Do you like gin? It is my only weakness.

Video Memories

Video Memories is the first game made under our Crab Attack title. Not really sure if that means anything, but it’s like, trivia, or something. It was made for the maiden Asylum Jam in 2013, a contest with only one rule:

“You should not use asylums, psychiatric institutes, medical professionals or violent/antipathic/’insane’ patients as settings or triggers.”

VM was made in 48 hours, because we either really hate ourselves or can only manage to finish things under pressure. I wrote the script, built the house, did the art, decided the dialogue triggers, made a font.. the game really reeks of me. I had fallen in love with this sort of ray-casted  visual effect that they used in Wolfenstein3D. It hadn’t dawned on me that it could be used for spooks until I played Judith around 3 years earlier, and told myself if I could ever convince Hawk to do a silly horror game for a ‘jam’ that was the direction I wanted to take it visually. Looking back on the style now, it’s a fucking anti-aliased nightmare that shows I was really more focused on my narrative than I was the visuals.

The camera you receive at the start of the game is a OuaN JC-BRH, a reference to two of our previous games, Once Upon a Ninja and Jesus Christ: Bunny Rabbit Hunter

The game is made of 8 scenes. All the player gets has to do is talk to the people in each scene to trigger the progression to the next scene. The story centers around a father who’s been given a video camera for his birthday from his wife and young son. He gradually becomes obsessed with filming every aspect of his life, even when it starts having a strain on the relationships around him. The story is a look into a man’s misguided attempts to use technology to feel closer to his family, and how living vicariously through a screen keeps you from noticing the important things around you. The game ends with the discovery that this notion isn’t isolated, and that this voyeuristic tendency may be inherent to the technology itself, and catching.

Although this isn’t “real 3d”, this game is technically our first “3d” game. A lot of growing pains involved in this, the biggset and worst one being that I made all the maps way too big. The house feels like a giant empty maze, and the draw distance doesn’t do it a lot of favors. The blurry-grain effect over all the tiles really starts to be a bother when you’re fumbling around in the dark looking for the door outside. Looking back, I feel like a much smaller, more cramped area with more odd stuff in it would have been a more effective use of this style, especially if I had taken advantage of seeing through windows. I have a feeling our next 3d game will have to be actual 3d.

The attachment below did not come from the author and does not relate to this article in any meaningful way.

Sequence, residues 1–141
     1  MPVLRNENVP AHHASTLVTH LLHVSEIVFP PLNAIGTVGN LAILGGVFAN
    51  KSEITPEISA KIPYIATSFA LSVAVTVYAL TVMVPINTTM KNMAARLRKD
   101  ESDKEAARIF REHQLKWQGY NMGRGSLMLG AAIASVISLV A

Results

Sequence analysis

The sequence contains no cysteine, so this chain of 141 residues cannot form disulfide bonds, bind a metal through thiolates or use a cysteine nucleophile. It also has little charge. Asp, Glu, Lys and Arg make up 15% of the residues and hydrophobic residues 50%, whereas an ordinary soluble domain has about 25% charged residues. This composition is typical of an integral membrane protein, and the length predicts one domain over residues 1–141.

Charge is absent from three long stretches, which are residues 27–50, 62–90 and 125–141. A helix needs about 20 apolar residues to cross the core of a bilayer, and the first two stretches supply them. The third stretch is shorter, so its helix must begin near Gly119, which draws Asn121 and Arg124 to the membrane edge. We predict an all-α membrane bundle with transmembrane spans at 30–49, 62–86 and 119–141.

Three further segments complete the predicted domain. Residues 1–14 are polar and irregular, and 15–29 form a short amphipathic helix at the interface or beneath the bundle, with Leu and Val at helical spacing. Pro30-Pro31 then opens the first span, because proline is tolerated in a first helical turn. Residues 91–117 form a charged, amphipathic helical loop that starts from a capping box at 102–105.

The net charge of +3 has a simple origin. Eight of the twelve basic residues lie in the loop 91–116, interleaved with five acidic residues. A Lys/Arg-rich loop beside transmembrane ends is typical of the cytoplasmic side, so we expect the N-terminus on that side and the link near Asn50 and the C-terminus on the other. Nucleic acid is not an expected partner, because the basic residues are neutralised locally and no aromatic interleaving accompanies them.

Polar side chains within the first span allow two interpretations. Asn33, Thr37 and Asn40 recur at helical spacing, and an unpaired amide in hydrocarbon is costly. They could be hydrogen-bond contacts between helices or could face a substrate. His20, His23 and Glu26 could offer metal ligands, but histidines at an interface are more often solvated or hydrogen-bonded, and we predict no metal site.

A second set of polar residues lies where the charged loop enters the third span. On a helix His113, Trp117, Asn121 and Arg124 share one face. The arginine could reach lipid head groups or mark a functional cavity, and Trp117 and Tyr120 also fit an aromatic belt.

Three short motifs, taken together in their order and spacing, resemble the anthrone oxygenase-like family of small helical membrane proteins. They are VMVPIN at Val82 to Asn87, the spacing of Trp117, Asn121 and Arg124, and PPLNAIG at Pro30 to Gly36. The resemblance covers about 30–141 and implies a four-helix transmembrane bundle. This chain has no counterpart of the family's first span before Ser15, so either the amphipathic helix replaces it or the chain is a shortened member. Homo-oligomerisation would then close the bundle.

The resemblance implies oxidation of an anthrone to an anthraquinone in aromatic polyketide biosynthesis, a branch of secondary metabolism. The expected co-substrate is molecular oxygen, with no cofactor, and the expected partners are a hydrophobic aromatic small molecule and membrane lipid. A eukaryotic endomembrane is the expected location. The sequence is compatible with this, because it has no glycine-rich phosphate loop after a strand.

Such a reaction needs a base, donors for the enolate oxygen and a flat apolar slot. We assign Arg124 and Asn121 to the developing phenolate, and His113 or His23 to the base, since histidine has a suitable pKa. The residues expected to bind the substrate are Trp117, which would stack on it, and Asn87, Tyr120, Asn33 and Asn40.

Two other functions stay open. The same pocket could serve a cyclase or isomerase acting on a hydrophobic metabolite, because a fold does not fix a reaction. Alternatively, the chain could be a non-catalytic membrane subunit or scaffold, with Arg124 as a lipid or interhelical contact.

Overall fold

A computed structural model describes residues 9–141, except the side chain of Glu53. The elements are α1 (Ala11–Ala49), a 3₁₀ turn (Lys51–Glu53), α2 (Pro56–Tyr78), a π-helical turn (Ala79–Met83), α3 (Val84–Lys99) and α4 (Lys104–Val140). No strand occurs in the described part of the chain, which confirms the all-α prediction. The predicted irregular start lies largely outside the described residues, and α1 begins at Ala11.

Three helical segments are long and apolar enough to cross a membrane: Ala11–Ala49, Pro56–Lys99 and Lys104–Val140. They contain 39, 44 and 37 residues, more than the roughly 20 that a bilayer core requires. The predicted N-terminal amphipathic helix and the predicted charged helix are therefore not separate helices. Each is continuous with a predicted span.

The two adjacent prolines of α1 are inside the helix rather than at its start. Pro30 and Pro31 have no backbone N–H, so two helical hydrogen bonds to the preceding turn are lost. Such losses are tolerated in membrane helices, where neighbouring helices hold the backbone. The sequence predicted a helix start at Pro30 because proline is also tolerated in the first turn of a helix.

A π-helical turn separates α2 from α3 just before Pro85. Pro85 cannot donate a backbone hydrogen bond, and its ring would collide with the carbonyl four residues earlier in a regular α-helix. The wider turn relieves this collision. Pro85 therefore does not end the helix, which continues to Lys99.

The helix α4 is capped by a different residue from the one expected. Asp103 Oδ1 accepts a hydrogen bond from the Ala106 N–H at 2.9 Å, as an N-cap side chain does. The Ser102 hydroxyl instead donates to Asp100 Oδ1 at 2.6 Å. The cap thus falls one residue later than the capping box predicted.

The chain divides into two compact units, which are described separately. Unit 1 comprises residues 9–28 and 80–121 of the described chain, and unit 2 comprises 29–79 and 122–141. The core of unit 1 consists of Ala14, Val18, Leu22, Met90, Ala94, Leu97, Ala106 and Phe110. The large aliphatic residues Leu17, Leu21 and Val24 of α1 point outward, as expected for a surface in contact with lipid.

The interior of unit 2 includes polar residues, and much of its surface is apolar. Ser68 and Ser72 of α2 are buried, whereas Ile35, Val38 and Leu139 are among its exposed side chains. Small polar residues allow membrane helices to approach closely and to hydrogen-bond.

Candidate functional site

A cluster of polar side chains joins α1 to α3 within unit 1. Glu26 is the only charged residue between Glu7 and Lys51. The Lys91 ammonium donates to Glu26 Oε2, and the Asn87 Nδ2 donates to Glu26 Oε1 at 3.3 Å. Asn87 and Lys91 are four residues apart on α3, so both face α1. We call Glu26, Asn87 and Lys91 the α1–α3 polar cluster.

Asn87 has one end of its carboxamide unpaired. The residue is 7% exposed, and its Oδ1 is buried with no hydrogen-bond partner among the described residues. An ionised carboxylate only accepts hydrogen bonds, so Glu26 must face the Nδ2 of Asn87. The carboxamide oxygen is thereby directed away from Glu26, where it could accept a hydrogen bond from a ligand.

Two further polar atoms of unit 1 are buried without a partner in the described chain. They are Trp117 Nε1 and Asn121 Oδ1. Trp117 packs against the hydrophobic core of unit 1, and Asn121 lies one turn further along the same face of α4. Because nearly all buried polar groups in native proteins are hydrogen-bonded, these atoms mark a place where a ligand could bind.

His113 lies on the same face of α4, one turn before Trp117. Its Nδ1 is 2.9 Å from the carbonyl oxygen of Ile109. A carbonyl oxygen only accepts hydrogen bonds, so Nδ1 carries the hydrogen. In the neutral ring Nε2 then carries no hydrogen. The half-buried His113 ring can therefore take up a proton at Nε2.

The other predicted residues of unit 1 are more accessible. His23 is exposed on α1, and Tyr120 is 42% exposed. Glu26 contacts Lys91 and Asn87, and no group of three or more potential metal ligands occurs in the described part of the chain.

This game is by far our most “Let’s Play”d game, which is a lot of fun. Accessible flash-horror definitely has some sort of.. built-in streamer base, it seems. I’d never had the joy of watching someone be amused, terrified, and ultimately disappointed by something I’d made in almost-real-time before. I highly recommend it. I’ve compiled these LPs into a living youtube playlist. I’m lazy I’ll do this later; Most of them read all of the dialogue out-loud, some better than others. Opossum  is one to watch out for.

“The Cameraman”

Like a disappointed father, I get a little sad at the things that seemed to get overlooked consistently by streamers and friends who’d play the game. Things like this cameraman appearing all over the place, not just in the birthday scene. It’s a good experience though, because I can use that to make something a little better next time. Maybe some things were too obscure to notice because my narrative wasn’t strong or driven enough to make you care about. It’s definitely something I’ll take more consideration into next time, a way to more organically guide the player into these oddities, rather than them being forced to be discovered through total luck.

The game’s current official resting place is here, on newgrounds, but I’m thinking eventually I’ll mirror it here or.. something.

Sew

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